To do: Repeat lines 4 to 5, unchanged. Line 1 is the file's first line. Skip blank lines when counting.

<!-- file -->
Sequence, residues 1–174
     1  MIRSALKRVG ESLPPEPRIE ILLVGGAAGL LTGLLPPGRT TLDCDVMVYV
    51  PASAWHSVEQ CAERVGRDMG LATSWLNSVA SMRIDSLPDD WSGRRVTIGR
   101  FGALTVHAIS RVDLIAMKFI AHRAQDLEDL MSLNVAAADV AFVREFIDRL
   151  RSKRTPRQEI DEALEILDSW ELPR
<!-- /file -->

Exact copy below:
   101  FGALTVHAIS RVDLIAMKFI AHRAQDLEDL MSLNVAAADV AFVREFIDRL
   151  RSKRTPRQEI DEALEILDSW ELPR